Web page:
Every day the White House sends out talking points to Republican congress members and pundits to keep the GOP continuously repeating the party line. Plus, it can be hard to think of ways to defend Trump’s insane tweets and statements, so sometimes they need, well, a little help.
After Trump’s ridiculous defense of the so-called alt-right and white nationalists by claiming responsibility for the domestic terrorist attack in Charlottesville, Virginia should also be laid at the feet of anti-Nazi protesters. The protesters were hit by a car driven by a white supremacist; one woman was killed and 19 others were injured.
While Trump has been consistent in immediately labeling any crime involving an undocumented immigrant or Muslim as terrorism, once the attacker was a white man, he suddenly wasn’t as quick to pass judgement, saying he wanted all the facts before making a statement denouncing neo-Nazis. In fact, he’s still not sure it was domestic terrorism.
“You can call it terrorism. You can call it murder. You can call it whatever you want. I would just call it as “the fastest one to come up with a good verdict.” That’s what I’d call it. Because there is a question: Is it murder? Is it terrorism? And then you get into legal semantics,” he said during the press conference.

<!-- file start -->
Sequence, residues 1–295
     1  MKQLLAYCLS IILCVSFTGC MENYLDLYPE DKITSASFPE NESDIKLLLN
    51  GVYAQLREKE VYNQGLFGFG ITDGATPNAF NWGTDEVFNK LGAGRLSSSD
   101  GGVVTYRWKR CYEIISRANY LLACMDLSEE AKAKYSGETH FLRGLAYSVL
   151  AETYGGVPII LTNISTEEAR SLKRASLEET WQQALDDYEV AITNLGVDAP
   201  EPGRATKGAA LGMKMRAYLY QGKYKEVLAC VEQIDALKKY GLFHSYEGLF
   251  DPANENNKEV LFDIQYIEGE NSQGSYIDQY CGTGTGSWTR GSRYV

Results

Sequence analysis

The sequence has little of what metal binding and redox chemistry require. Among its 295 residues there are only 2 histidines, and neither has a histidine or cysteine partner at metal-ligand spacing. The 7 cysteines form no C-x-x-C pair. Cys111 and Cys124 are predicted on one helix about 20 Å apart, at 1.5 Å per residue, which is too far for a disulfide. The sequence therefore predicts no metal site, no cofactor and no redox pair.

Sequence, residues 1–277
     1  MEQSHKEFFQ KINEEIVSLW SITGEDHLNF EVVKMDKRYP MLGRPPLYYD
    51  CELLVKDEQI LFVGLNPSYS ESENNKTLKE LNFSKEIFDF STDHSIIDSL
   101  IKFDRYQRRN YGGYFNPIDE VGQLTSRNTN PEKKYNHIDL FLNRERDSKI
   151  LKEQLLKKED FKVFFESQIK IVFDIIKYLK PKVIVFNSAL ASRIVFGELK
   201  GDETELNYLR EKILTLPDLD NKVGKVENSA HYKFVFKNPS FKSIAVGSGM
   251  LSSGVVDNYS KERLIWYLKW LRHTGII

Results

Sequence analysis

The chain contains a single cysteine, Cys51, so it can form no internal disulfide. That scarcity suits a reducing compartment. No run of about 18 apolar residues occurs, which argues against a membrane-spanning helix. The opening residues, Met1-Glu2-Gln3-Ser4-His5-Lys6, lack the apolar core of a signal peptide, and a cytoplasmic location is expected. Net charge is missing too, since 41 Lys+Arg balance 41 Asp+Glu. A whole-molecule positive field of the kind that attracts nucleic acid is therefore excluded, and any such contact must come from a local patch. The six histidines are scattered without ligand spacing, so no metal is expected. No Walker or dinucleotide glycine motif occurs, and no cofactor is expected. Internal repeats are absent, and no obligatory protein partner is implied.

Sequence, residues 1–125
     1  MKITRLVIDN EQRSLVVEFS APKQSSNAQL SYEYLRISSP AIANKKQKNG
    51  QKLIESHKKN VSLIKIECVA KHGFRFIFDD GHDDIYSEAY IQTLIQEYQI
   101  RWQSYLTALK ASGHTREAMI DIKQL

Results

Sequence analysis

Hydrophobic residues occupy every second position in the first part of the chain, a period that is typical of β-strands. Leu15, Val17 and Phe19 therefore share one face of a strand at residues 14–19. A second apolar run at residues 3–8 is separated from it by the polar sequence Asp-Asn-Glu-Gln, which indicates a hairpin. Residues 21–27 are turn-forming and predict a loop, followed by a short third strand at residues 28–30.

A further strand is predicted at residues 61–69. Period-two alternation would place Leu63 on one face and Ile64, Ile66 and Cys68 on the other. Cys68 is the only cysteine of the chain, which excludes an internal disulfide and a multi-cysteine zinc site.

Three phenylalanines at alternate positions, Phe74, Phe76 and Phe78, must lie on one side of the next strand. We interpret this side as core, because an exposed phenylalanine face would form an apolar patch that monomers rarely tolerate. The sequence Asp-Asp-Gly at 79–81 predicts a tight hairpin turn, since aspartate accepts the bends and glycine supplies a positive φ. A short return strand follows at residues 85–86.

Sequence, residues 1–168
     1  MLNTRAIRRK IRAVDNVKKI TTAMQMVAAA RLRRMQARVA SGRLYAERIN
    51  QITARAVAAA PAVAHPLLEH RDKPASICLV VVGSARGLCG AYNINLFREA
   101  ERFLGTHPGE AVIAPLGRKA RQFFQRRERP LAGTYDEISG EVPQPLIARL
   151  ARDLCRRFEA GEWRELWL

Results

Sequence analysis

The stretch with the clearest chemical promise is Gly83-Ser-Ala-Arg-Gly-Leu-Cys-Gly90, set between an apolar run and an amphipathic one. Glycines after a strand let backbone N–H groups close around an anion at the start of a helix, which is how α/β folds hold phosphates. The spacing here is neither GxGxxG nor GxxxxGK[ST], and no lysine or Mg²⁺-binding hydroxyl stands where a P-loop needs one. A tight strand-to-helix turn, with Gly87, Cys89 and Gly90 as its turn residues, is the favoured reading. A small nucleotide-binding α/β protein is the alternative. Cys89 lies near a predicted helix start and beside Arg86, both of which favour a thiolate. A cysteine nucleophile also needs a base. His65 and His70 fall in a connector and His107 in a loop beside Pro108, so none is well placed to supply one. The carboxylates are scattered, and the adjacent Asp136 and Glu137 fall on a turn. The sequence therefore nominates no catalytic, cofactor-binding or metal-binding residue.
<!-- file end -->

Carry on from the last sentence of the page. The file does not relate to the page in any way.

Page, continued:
“I will tell you something. I watched those very closely — much more closely than you people watched it. And you have — you had a group on one side that was bad, and you had a group on the other side that was also very violent. And nobody wants to say that, but I’ll say it right now. You had a group — you had a group on the other side that came charging in, without a permit, and they were very, very violent,” Trump continued.
“I’ve condemned neo-Nazis. I’ve condemned many different groups. But not all of those people were neo-Nazis, believe me. Not all of those people were white supremacists by any stretch. Those people were also there because they wanted to protest the taking down of a statue of Robert E. Lee.”
While his press conference was crazy enough, the “evening communications briefing” is even worse. Check it out on the next page courtesy of The Atlantic. (the talking points also included notes on Chinese trade policies and infrastructure that have been omitted.)